About 35% of current jobs in the UK are at high risk of computerisation over the following 20 years, according to a study by researchers at Oxford University and Deloitte.
The Boston Consulting Group predicts that within 10 years, up to a quarter of jobs will be replaced by either smart software or robots.
What about your job?
There’s an interesting website from the BBC where you can type your job title into the search box to find out the likelihood that it could be automated within the next two decades.
This has implications for everyone especially how young people are taught (at school and university) and how the rest of us manage our careers.
The Future of the Professions
Last Sunday I went to a talk by Richard and Daniel Susskind, authors of ‘The Future of the Professions: How Technology Will Transform the Work of Human Experts’
They paint a bleak picture … gaining entry to professions (Law, Banking, Stockbroking) used to be the start of a well-paid career but their research describes how changes in technology can lead to us losing our expertise.
For example, instead of going to see a lawyer, disputes can be settled by computerised online resources and we will view visiting a doctor as strange when technological resources allow a depth of analysis to identify our health problems and lead to a more robust outcome.
Doctors currently use robots to help with key hole surgery, but diagnosis could soon be done by computer. IBM’s supercomputer Watson is working with 12 hospitals in the US, and e.g. their vision software is also helping to spot early-stage skin cancers. The results are better than humans.
Robot traders can make decisions about when to buy and sell, but a thousand times faster than any human can, but they can also screw up leading to massive losses.
We are used to robotics being used in factories, now the first robot-only factory (owned by Sehnzhen Evenwin Precision Technology) is being built in China’s Dongguan factory city with a goal to reduce the current workforce of 1,800 by 90%. Foxconn, who make the iPhone aim to have 30% of workers as robots within 5 years.
How do we compete with technology?
As technology takes over decision making we need to focus on the areas where computers are less effective – such as our interpersonal (human) skills. Although even this can be susceptible to change when computer programmes can read the emotions on a face more accurately than people. That may take time though so for now it’s sensible to focus on developing technology or areas considered ‘high touch’ such as personal services and sport and entertainment.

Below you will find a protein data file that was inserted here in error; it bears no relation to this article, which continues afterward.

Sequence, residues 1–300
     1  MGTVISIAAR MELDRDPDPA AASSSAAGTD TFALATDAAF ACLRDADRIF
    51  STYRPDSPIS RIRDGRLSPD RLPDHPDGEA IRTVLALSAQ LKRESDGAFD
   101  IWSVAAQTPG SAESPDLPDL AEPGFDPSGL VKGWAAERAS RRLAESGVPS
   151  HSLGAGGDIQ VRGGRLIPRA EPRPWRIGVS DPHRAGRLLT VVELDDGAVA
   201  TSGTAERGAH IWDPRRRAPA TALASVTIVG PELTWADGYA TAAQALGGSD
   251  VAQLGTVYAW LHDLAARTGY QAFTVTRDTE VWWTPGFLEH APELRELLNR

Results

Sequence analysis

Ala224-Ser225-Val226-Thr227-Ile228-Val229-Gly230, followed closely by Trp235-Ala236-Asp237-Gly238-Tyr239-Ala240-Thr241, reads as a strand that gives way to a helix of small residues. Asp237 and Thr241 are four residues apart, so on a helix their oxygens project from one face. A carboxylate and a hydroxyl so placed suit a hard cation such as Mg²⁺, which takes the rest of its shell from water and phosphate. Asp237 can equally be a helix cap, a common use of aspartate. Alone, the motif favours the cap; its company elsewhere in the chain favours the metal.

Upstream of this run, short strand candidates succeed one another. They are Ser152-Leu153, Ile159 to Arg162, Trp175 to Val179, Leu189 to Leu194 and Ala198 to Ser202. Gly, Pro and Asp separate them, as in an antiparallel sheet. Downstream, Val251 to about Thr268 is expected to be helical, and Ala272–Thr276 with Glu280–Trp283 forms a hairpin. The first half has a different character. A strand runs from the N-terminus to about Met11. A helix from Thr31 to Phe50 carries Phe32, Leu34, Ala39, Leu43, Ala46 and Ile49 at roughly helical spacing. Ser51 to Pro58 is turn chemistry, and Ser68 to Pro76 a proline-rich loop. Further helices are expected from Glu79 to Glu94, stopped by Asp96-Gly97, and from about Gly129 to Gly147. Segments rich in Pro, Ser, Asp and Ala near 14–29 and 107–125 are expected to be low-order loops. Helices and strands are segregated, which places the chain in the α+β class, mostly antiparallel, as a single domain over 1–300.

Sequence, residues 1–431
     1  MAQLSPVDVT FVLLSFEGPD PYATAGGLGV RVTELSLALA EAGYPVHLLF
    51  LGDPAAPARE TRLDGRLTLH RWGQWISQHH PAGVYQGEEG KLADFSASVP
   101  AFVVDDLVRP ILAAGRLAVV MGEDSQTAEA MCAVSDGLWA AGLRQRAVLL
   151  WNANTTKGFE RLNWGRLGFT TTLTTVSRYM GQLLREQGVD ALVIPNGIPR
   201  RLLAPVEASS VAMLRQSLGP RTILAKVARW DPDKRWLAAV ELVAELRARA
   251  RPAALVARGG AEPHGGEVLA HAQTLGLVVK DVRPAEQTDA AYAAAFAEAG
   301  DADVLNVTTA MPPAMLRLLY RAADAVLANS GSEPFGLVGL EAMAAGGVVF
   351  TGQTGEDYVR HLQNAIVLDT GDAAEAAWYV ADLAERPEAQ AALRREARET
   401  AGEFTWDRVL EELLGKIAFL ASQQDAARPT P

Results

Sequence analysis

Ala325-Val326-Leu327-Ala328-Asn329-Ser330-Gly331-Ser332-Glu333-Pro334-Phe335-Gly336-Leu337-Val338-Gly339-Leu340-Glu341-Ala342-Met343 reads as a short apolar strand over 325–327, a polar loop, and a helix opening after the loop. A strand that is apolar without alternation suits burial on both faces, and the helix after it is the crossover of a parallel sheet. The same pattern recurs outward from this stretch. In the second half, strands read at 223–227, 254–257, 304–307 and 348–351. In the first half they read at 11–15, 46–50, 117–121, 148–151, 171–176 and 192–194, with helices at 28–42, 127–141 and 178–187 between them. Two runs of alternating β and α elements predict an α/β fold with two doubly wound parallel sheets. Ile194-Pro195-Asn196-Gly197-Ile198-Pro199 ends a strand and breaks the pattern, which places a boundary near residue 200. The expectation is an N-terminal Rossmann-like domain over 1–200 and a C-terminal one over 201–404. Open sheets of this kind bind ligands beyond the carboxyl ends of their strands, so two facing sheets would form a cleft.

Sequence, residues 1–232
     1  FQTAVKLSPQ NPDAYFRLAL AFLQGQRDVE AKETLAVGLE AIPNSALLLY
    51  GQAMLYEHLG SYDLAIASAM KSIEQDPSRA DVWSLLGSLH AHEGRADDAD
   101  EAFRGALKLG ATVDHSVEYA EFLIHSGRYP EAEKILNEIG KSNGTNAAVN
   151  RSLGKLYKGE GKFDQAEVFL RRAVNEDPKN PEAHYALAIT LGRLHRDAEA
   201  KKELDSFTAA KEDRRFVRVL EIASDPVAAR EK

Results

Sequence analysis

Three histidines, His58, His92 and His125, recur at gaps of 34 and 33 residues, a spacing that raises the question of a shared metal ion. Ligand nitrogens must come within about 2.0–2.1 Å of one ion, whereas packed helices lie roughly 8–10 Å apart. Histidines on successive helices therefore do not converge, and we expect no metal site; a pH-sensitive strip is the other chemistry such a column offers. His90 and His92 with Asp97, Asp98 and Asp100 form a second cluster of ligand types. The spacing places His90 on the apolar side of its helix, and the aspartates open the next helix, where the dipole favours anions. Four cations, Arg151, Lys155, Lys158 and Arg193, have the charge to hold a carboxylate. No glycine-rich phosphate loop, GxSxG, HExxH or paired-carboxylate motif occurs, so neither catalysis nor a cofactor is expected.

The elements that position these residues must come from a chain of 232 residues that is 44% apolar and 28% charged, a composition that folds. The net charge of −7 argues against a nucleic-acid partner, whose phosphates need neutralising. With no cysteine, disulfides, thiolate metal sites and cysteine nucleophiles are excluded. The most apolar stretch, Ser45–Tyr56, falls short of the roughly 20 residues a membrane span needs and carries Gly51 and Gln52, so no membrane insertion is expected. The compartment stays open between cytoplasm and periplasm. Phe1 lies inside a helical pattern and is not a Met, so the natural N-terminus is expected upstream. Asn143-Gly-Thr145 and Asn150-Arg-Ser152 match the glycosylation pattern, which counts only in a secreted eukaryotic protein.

Will we still have jobs?
It’s going to be less about jobs and more about understanding strengths. When I work with clients to help them identify possible career choices I include an understanding of natural ability using a 3-hour test – The Highlands Ability Battery and this includes a list of careers. But it’s not just saying e.g. you should be an Engineer, Accountant or Interior Designer, but to look at underlying abilities, in my case my strong organisational ability and idea generation help me by an effective career psychologist but could equally be used in something else.
It’s the focus on underlying skills and what makes us different, the tasks we can do effortlessly that will help us to deal with a changing world of work. Along with an eye to the future and identifying what is coming up and taking advantage of opportunities. Wanting the status quo won’t keep you marketable.
So what could you do and what do I tell my children?
With an ageing population jobs could include being an elderly well-being consultant, who specialises in personalised care for older patients, or a memory augmentation surgeon who helps counter memory loss and many more
There’s a brilliant Canadian website which provides details on jobs for the future and you can access it here:
and a BBC article makes some suggestions of career options:
- World of Warcraft ‘arena boosting’
- The social media manager
- The image improver
Will we like the future?
It’s going to be a different world, not in my lifetime perhaps but certainly for my grandchildren.
In their much-debated book The Second Machine Age, Erik Brynjolfsson and Andrew McAfee argued that “Technological progress is going to leave behind some people, perhaps even a lot of people, as it races ahead … there’s never been a worse time to be a worker with only ‘ordinary’ skills and abilities to offer, because computers, robots and other digital technologies are acquiring these skills and abilities at an extraordinary rate.”
We can be moving to a time where there is a vast difference between people doing menial work and others who own the technology, leading to challenges for Government. It’s all very well having technological solutions to product development but who will have the money to buy what is made?
And finally, for today, a video of how life could be like for the children of today
I’ve posted this on LinkedIn and it’s generated some good replies: